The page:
The charities sector faces an increasing burden of change greater emphasis on governance and risk management. In this environment it is easy to lose focus on day-to-day disciplines. Renewed attention to small details can pay dividends.
Fraud represents a very high risk for charities. An increasing number of attempted frauds on charities have shown that the fraudsters quickly discover any holes in the systems. This can damage both your charity's finances and, crucially, its reputation.
Good controls not only protect your organisation but also its staff. Anyone who has worked in an area subjected to a fraud investigation will describe the very unpleasant and demoralising effect of everyone coming under suspicion. A regular review of systems and controls ensure that these remain appropriate, and also advertised that you are in control.
You may have adequate measures, but when were they last reviewed? When did you last assess which external individuals have access to your offices outside working hours, and so may have access to confidential?
It is not only the professional criminal that we need to consider but also the opportunist. Therefore, it is sensible to ask yourself some questions about your controls.
Is your stock of cheques appropriate for your needs, or are you holding too many? Is it held in a secure place? Do you audit it are any missing? Its not uncommon for a cheque to be removed from the back or middle of a chequebook.
Are cheques do not expire after six months; they can be presented up to six years after issue. If the payee of an old cheque has not advised you of non- receipt a fraudster is less likely to be spotted, so check and cancel it.
Pre-signed cheques are often held for times when signatories are not available. This is very dangerous and must be avoided.
Bank statements can provide valuable information to the fraudster, so are they kept securely? Are they reconciled regularly and any discrepancies investigated?
What are your signing rules? Is there a limit over which more than one signature is required? Are the signatures at the bank up to date? Have you removed any signatories who have left?
Who has access to specimen signatures? Is there a signing-in book accessible to unauthorised personnel or visitors?
Are these kept secure and changed when staff change? Passwords must be kept confidential and not used by other are they?
Letterhead and even compliments slip can be helpful to the fraudster. They can be used to fraudulently instruct a bank, provide credence to a scam on a third party or help money laundering.
There is a large sum of money that your charity will receive by just sending your details this is a well-known fraud. While aware of this, you may not know that you must not respond in any way, as it can be dangerous. For example, by sending a rejection letter you will have provided a letterhead and possibly a specimen signature.
That such frauds are common occurrences suggests that not everyone follows best practice. It is often the simple thing that are exploited and the simple controls exploited and the simple controls that are the best preventative.
For all but the smallest charity, a vital ingredient for success is excellent information systems. What characterises this excellence and how is it achieved?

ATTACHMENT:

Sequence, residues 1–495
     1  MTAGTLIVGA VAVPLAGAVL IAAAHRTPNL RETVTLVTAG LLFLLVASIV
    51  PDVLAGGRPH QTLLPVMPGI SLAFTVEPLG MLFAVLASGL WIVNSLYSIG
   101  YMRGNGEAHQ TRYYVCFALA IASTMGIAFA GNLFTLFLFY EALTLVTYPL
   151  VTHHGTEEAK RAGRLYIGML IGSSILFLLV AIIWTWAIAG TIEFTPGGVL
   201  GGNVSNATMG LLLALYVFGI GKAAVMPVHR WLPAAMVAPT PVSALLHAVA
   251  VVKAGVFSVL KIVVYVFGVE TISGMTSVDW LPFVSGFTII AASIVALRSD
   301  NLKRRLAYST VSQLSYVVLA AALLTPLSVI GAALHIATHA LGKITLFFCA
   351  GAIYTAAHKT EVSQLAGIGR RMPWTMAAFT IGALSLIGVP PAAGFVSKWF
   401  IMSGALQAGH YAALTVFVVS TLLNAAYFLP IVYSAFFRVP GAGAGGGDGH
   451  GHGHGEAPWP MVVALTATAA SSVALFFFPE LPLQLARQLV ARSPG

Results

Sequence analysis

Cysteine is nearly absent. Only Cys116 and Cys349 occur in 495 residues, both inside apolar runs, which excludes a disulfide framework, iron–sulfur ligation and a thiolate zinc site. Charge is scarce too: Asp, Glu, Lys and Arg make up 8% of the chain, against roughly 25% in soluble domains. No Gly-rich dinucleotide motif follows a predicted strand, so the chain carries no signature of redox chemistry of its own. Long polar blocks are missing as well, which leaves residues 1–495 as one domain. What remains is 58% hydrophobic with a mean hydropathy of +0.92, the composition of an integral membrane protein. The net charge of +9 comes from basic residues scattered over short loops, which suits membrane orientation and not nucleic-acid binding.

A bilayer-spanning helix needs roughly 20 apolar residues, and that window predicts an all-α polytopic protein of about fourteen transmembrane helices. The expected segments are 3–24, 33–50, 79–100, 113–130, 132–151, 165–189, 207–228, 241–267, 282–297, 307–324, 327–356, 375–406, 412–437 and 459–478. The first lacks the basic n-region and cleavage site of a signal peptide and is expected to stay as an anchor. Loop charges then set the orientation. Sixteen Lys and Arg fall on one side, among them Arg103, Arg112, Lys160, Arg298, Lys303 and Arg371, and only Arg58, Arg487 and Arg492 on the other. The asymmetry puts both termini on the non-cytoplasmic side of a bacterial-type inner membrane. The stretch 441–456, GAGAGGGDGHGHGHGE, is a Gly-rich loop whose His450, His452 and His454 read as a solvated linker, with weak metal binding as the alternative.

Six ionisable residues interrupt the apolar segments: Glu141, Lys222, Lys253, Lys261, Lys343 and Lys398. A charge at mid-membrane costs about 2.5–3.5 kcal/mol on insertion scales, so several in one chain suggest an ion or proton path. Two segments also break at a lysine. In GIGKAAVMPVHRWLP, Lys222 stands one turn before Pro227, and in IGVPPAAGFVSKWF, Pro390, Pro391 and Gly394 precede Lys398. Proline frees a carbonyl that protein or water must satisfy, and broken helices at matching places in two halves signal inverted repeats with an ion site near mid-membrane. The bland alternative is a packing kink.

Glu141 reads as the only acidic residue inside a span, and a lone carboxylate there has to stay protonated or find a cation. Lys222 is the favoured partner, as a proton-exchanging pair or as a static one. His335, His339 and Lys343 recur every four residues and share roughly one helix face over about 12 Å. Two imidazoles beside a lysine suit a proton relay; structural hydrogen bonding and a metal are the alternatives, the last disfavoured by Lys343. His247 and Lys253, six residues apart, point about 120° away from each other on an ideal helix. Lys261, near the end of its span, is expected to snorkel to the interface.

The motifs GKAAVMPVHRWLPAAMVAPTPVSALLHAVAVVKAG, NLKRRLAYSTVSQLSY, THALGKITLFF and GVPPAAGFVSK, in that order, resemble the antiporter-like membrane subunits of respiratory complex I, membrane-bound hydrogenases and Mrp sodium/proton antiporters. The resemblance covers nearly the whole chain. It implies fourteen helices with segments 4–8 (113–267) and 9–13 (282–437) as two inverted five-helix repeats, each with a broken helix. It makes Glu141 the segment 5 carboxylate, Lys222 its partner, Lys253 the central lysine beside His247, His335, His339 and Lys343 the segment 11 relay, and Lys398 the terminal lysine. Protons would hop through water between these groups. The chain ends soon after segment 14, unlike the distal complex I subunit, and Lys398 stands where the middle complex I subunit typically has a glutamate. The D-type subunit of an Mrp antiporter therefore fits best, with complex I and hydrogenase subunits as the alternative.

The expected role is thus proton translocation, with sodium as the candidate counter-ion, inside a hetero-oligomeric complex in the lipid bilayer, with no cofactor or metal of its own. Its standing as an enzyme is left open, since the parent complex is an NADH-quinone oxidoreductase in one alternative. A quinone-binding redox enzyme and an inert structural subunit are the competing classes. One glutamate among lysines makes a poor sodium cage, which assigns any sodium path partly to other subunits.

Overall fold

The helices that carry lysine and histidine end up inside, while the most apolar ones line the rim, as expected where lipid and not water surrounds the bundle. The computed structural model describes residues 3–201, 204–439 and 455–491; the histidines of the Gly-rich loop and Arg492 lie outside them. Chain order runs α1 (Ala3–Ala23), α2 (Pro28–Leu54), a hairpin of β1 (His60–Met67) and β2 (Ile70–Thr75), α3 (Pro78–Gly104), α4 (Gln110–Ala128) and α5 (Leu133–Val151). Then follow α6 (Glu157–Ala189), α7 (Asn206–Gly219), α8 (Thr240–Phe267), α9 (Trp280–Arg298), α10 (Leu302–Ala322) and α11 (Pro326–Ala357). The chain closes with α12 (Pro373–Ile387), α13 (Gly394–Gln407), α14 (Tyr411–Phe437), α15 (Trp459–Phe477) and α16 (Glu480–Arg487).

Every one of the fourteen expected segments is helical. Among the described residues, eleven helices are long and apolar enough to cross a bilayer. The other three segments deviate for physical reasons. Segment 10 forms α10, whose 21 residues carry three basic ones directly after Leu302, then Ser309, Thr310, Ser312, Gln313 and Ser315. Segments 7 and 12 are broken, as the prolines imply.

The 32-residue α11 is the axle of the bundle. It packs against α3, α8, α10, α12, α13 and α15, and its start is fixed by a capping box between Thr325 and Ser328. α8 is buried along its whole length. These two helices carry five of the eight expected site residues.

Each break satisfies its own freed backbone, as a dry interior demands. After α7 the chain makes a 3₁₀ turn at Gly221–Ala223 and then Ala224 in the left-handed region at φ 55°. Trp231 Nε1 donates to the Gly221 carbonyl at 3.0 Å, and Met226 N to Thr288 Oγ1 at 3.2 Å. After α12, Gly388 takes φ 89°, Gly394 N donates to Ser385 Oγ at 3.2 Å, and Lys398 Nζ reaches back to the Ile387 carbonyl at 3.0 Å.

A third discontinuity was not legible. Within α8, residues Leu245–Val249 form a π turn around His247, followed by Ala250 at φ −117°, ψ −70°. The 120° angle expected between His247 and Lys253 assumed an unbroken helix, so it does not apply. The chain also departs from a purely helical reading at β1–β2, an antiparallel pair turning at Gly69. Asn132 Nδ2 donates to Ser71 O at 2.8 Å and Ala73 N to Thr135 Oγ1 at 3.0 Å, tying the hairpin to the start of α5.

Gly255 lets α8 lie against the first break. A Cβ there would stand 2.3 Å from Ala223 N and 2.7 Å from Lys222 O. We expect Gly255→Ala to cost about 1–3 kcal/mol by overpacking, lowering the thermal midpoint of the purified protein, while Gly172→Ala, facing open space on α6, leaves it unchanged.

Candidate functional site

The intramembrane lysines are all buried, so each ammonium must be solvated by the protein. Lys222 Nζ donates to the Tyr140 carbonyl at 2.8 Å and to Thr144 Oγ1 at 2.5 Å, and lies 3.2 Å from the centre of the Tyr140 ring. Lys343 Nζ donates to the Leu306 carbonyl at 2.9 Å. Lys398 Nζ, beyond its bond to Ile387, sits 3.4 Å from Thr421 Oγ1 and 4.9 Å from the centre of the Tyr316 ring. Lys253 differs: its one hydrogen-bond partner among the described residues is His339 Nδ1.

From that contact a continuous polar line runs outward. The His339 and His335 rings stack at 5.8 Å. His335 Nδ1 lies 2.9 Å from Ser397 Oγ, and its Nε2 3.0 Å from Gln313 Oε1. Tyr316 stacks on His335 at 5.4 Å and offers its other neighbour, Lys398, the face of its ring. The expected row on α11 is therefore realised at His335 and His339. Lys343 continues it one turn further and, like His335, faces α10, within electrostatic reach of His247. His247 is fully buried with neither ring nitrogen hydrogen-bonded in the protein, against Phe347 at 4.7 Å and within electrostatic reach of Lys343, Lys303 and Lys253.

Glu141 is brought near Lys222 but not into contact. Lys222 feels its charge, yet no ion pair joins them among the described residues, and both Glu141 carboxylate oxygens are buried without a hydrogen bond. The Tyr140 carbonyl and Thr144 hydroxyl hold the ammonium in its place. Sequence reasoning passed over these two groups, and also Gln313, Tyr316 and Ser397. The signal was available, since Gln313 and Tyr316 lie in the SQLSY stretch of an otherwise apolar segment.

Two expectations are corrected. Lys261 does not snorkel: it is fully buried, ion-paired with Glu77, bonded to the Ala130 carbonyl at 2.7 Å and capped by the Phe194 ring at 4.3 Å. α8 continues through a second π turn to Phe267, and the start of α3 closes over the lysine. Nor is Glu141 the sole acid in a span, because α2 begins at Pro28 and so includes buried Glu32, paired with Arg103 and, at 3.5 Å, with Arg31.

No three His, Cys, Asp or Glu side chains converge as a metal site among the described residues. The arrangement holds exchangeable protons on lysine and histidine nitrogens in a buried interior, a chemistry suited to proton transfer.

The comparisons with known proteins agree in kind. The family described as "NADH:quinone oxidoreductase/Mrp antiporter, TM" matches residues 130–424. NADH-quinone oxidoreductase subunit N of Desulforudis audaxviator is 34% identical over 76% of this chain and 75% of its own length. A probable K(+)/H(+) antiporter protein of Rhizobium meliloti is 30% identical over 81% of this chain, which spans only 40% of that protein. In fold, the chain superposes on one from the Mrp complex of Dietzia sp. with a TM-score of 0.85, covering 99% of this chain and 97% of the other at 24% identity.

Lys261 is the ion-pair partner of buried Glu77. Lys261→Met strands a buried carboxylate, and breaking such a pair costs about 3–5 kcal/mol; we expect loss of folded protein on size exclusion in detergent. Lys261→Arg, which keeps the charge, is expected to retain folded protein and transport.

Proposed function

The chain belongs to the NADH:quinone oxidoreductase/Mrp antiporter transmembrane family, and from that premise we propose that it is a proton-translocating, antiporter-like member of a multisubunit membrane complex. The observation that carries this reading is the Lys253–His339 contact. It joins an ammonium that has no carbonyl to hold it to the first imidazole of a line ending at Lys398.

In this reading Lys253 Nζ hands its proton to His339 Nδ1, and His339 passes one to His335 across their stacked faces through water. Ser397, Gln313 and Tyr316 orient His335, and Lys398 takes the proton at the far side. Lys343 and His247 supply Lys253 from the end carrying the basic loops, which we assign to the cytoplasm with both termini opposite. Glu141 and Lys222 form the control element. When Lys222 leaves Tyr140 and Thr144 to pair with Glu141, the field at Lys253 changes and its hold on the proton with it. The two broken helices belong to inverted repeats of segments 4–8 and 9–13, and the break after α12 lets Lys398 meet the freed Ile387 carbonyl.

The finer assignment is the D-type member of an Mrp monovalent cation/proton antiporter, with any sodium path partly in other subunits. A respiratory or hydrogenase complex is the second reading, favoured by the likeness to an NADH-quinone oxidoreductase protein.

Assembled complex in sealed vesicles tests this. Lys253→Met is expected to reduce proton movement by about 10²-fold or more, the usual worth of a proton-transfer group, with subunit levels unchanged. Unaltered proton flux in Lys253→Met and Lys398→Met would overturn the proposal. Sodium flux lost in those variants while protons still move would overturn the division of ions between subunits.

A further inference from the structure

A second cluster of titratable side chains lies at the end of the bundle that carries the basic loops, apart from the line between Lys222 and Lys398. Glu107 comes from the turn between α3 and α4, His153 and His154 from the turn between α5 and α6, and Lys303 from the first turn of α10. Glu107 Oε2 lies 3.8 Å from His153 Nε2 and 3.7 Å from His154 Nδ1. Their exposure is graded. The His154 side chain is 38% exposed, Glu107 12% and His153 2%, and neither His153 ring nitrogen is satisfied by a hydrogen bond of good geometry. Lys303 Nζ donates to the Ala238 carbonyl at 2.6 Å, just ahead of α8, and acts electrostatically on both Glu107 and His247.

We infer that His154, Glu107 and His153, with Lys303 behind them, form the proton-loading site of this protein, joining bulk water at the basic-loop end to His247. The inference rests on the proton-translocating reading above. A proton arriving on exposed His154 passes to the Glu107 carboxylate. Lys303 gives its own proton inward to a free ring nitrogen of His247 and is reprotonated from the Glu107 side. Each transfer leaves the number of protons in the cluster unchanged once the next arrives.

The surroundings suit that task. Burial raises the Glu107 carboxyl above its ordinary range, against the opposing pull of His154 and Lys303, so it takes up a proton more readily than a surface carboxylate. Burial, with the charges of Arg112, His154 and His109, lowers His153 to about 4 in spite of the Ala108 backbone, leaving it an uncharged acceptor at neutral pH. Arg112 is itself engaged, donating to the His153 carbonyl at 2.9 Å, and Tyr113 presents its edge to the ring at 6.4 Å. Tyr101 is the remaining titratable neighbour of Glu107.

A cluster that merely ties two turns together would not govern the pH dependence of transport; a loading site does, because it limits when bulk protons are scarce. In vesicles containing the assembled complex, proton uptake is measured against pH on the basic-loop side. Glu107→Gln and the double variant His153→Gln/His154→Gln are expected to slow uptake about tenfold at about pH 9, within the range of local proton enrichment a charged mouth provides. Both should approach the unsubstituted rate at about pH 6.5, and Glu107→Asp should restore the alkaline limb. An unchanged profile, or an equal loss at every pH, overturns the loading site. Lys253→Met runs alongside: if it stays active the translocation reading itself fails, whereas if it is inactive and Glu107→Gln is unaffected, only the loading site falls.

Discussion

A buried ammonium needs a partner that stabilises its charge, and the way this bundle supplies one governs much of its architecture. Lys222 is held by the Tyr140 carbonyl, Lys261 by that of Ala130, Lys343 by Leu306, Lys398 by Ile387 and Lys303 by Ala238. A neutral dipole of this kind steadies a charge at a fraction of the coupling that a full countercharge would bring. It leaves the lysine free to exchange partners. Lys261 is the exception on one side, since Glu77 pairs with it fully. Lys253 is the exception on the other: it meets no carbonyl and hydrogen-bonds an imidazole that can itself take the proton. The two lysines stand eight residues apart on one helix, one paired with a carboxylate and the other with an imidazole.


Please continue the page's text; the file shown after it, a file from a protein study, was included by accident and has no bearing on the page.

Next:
At its simplest, the twin functions of systems are to warm managers when action is needed and provide reliable, relevant information for decision-making.
The needs of your charity, your resources and the styles of your managers dictate aspects of your information systems. Therefore, your systems are probably unique, even if they use third party software and processes.
However, there is a common starting point for systems design the end, i.e. to identify the questions that the systems are expected to answer. This means considering who wants what information, how soon, how accurately and in how much detail. As part of this you should consider the following:
You also need to distinguish what information is critical what is needed more frequently or with greater accuracy, and what needs wider distribution or availability? For example, critical information for trustees is needed more quickly and in a more summarised form than the detailed operational information needed by charity executives.
Information systems can be categorised as informal (those established by networking and customer contact) and formal (typically computerised to provide fast and accurate information for decision-making).
A system must possess a number of characteristics to be judged successful:
The quality of information output depends on the reliability of the inputs. Ensuring that inputs are complete, accurate and include the non-routine will result in higher quality outputs, enabling better decision-taking and improved performance.
Systems need proper controls to ensure the high quality of information and to alert management to adverse developments. Instituting effective, yet non-stifling, controls benefits from advice from people with experience if implementing appropriate and proportionate controls.
However well designed and operated, systems must evolve to reflect the development of your charity, as well as changes in the business and technology environments. To ensure that you continue to get the most from your systems they require periodic review, starting again with the needs analysis, and considering consequences for your current system design and operation.